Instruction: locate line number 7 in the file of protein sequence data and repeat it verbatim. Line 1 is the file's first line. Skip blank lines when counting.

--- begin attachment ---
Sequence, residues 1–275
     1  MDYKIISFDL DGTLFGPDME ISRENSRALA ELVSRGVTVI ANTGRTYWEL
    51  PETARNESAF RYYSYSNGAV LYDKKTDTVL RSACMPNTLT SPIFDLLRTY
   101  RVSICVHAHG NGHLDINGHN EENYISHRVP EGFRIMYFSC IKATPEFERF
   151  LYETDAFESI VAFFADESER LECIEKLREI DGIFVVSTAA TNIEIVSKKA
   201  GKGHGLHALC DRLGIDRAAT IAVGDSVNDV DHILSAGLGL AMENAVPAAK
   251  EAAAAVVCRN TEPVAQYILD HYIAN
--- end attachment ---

   251  EAAAAVVCRN TEPVAQYILD HYIAN